Monday, April 07, 2008

Aging Research and Aggregation

This post is, in many respects, the latest update to my series of “Genetic Justice” posts (so this would be update #3, here are #1 and #2)

As I’ve noted many times before (e.g. here and here), a great deal of my current research concerns the moral imperative to retard human aging. This aspect of my research sprung out of my ongoing work on genetic justice, a topic I have been working on for about the past 8 years now.

In fact, digging up some old blog posts, I can actually track down the *precise moment* when I started thinking more seriously about aging research. It started at this event at Stanford. In particular, I was really impressed by Aubrey De Grey’s JME paper on “Life extension, Human Rights, and the Rational Refinement of Repugnance”. And so it was Aubrey’s presentation that got me first thinking seriously about these issues.

I was so impressed by Aubrey that I knew I just had to include him in the event I organized last summer at Oxford on “Genetic Justice”.

Indeed, at that conference it was interesting to hear some arguing that we need to do more to tackle cystic fibrosis and then others arguing for tackling aging. Of course we ought to tackle both, but how do we go about determining priorities in such a scenario? The imperative to tackle any one disease is complicated by many factors. Those born with CF can only expect to live to their 30’s. When compared to individuals with CF, those that suffer age-related afflictions are fortunate. However, age-related afflictions are much more *prevalent* in the population. And so how do we compare the imperative to treat a rare, early onset condition with the duty to treat cancer or retard human aging? I think such questions are very important, and yet extremely complex and difficult to answer.

When I tell people I am working on justice and aging research they are often very puzzled. And here is how I would summarize the common response: “Justice may impose many different obligations on us— like eliminating world poverty, combating climate change, respect for cultural equality, eliminating gender inequality, etc. etc..- but how on earth can you say that justice requires us to modify the biological processes of aging so that we retard human aging?

This question is a very valid question. Indeed, it is something that has preoccupied most of my thoughts for the past two years! And over the past few days an important piece of this puzzle fell into place for me. So I wanted to post this blog to capture my initial thoughts about this “eureka moment!” in my thinking about these issues.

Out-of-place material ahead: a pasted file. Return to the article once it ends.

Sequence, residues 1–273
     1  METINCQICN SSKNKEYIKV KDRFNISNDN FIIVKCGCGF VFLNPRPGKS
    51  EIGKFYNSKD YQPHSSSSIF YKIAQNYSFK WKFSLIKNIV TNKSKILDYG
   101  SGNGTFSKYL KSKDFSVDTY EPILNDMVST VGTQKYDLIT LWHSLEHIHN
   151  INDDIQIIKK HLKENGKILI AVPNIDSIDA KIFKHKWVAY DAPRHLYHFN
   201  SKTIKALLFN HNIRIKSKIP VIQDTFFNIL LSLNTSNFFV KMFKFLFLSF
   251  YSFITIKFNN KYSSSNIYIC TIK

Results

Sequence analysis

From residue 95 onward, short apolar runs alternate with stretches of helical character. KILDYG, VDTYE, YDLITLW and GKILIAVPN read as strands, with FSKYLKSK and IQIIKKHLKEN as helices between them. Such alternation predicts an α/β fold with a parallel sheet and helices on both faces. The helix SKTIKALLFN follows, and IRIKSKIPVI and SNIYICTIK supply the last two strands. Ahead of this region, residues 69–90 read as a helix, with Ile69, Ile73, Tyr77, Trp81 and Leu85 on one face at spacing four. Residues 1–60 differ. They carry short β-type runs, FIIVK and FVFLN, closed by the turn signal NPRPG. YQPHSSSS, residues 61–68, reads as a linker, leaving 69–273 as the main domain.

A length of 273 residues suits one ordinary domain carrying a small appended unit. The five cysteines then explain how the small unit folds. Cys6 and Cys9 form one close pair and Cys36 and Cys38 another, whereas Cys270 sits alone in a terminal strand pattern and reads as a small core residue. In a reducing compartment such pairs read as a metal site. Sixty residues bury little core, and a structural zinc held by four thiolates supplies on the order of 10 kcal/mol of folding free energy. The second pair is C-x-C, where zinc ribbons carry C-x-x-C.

As I was revising one of my latest papers on justice and aging research (which builds on this previous post), I came across an excellent and very helpful discussion on Aggregation in chapter 5 of Scanlon’s excellent book What We Owe To Each Other.

In this chapter Scanlon explores how the contractualist could incorporate some room for aggregation without leading to the counterintuitive consequences of utilitarianism. These counterintuitive scenarios are typically ones where we have the option of preventing a large number of people from suffering a very minor harm (e.g. like a headache) or help a smaller number of people who will suffer a serious harm (e.g. premature death). In such cases a standard cost-benefit analysis would prescribe we should help the larger numbers because, once we add up the large amount of small benefits, they *outweigh* the large benefits that would only be conferred upon a small number of people.

But the important part of Scanlon’s chapter that I am particularly interested in is his acknowledgement that much hinges on the broad categories of moral seriousness. Let me explain how I think this can be very helpful to those championing aging research.

To suffer disease and disability is to suffer disadvantage that rates on the broad category of “moral seriousness”. Of course some diseases and disabilities are more serious than others. And the *Priority View* would prescribe that, all-else-being-equal, more weight should be placed on benefits to those who suffer the worst forms of disadvantage.

So let’s illustrate this with an easy two person example. Suppose there are two individuals in need of life-saving medical intervention. Person A suffers from an early onset disease (let’s say CF) and will die by age 35 if we do not help them. Person B suffers from a late onset condition (let’s say cancer) and will die at age 70 if we do not help them. We can only afford to help one of these two patients. What are we to do?

If one takes the Priority View to entail (as I think it does) that we look a person’s *expected life-time acquisition* of the natural primary goods (like health), then it clearly is the case that person A is in need of more urgent aid. Without intervention A will only live half the number of years of B. And so if we had to decide between A and B we should go with aiding A. Person B cannot reasonably reject a principle that gives greater moral weight to the interests of a person who is much worse off in terms of their expected life-time acquisition of health.